I begin with an incident with an erstwhile friend. We had known each other for a while, and he had a very good mindset that could be described as Icke-ist. I argued with him that he needed an open mind that was tolerant and did not attach to a mindset; this disturbed him. I could not agree with some of the Icke-ist approaches involving lizards and Illuminati. This came to a confrontation where there was no agreement and I felt so psychically shattered for three days it was worse than if I had been bullied. Here the friend presented his mindset, in effect demanded I accept it and when I didn’t applied use of force, I suspect unconsciously. Is this not the approach of a fascist?
What about western neo-liberal electoral democracies? They demand that we accept the delusion that they are genuinely democratic. We can choose to vote for candidates who ensure the system remains in favour of the 1%, and at times will use the police force to ensure there is no dissent against the prevailing system. Look at some of the atrocities that occurred against the Occupy movement. Whilst it would not be appropriate to describe such systems as fascist, they are authoritarian and do use the military if required. However mostly these neo-liberal societies have a social compliance where in general people accept the systems as they are and are happy with the delusions that are maintained. Usually as well they claim that there is free speech, and point to the lack of free speech as a facit of fascism. But in neo-liberal systems free speech is controlled in the sense that any criticism of the system is countered and the free speech is effectively useless. Such a liberal authoritarianism maintains a delusion but does not have an effective means of change based on democratic will except through a controlled electoral choice. It could be described as fascism without obvious repression.
This neo-fascism or neo-liberalism is what our western leadership is about. It is a style of leadership that does not enable the people in the same way as the leadership styles of the <a href="http://article do not enable teachers and do not enable education. The one good thing about Trump is that as a Republican leader he has exposed the delusion of the Veil in US politics, it will be interesting to see whether there will be any implications of this following the election – that I expect he will lose.
This article on the teaching of English in Thailand has irritated me – its analysis is so shallow. And it is typical of the colonial aspect of teaching, that western methodology is better.
Firstly the writer cites the case of Khun Dang’s class – students copying from the board. Here are questions connected to that. Did the writer ask Khun Dang if she thought it was good teaching? I would guess not as I suspect she couldn’t speak English. In primary schools the teachers are expected to teach English even though they don’t know it themselves – copying from the board is a compromise. Could the writer teach a Thai class by writing Thai sentences on the board? In an English government secondary school could you get the class to sit quietly and copy from the board? That is those students who hadn’t truanted.
Is formal teaching always wrong? When you listen to western teachers this appears to be the conclusion. Why did formal teaching disappear from British schools? Was it because formal teaching had failed? Now I ask that question fr all the students and nt just the elite. Formal teaching failed the brighter students including those who became the teachers. Such teachers can remember boring lessons in which they tediously fulfilled formal requirements. These teachers became qualified. Did they have questioning minds? Of course not.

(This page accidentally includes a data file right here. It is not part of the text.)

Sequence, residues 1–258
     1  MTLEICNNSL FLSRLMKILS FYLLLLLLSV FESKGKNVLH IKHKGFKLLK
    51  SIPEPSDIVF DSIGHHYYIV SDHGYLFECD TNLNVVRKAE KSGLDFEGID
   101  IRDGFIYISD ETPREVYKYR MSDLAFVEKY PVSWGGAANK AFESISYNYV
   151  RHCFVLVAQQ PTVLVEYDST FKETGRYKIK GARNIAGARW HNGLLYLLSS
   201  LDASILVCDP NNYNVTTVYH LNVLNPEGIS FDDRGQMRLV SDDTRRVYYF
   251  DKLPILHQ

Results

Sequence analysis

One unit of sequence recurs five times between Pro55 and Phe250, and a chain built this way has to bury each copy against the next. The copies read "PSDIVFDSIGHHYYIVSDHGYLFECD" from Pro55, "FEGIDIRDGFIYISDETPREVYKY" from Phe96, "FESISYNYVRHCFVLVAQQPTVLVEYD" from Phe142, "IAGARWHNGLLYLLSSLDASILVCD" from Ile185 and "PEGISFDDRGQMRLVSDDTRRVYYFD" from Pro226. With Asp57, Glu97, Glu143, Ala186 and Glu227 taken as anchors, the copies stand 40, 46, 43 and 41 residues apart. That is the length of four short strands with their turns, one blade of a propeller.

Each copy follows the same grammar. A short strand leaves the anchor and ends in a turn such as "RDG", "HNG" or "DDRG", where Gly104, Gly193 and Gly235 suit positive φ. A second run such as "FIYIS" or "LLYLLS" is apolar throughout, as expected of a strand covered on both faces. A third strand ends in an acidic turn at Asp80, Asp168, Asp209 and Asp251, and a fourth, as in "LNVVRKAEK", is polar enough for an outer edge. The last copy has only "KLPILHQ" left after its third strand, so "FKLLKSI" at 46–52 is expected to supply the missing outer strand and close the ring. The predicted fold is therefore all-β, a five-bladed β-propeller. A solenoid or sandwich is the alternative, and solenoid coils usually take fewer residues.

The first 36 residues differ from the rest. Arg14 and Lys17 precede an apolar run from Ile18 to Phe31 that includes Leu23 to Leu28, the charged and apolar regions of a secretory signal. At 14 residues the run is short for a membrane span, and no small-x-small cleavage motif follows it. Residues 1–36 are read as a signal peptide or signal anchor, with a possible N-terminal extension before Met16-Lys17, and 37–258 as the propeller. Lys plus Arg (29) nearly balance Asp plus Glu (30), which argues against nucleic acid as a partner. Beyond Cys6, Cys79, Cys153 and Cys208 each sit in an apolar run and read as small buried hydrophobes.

Once these teachers started to dominate teaching ethos – starting in the 60s, discipline in the schools went down. Apparently in Thai secondary schools there is too much talking but the discipline is nowhere near as disruptive as UK schools. How can you learn without discipline? How can you begin to teach a questioning mind? And the saddest aspect of this teaching methodology is:-
Can all the students develop a questioning mind?
Show me any evidence that shows that all students can develop a questioning mind. Look at the British population. Since the 60s a more questioning approach has developed in schools, have the population become more questioning? Certainly not, the corporatocracy would never allow it. 40 years later and Tony Blair took the country to war, could that have happened with genuine questioning minds? Not people who bleet because it is expected but genuine questioning minds?
So what are Bill Gates and the others doing when they want critical thinking? They want an elite who will be critical but accept the prevailing paradigm. Is this possible?
So when Thai kids don’t ask questions why do western teachers climb the wall? Quite simple. They don’t understand what education is for. They go to training school and are told education means leading out, and they believe that. Education might mean that but schooling means fitting the school population into society’s status quo. In Thailand that means students cannot be questioning or else why would they accept the social inequalities? But in England it is the same reality that has to be accepted. There are a few who are rich, and mostly those rich inherit it. A few manage to become rich but most spend their time trying to be rich and doing each other down to get there. Maybe Thai business is like that but it appears to be much more pleasant – I don’t know I am retired and never could stomach the business world.
That’s enough, I have vented after the shallow article rattled my cage. It’s going in my Matriellez blog but that’s all. I can’t even be bothered to post it on the facebook-like just to get a Thanks Bill from an apparently equally-shallow analysis.
What a complete waste of my professional life. I started teaching in 1976 in Inner London, and chose to work in an Inner City. I held onto some illusions of self-realisation, but once I started teaching I realised the kids just wanted exam passes. Over the years I learnt to do that better and better. I left the UK in 1993 for many reasons, and lost touch. Thatcher had destroyed manufacturing, and engineered a society where the educated wanted a job. I didn’t like this but I thought that students from all backgrounds had subscried to this appalling ethos, and were getting jobs rather than souls.
I then watched this BBC documentary:-
It’s horrific. Class structure has worsened. Kids are desperate for work experience – unpaid slavery. Rich kids take internships to get jobs – unpaid. I’ve always known British people are prepared to sell themselves but this is crazy. And I don’t just mean white British.
I am actually quite shattered. What was all that fighting for. I should have just taken the money and shut up for all the good it did.
And the teachers interviewed. Ok they interviewed the careerists but these teachers were just training job robots. This is depressing. My mind is spinning, what was I doing?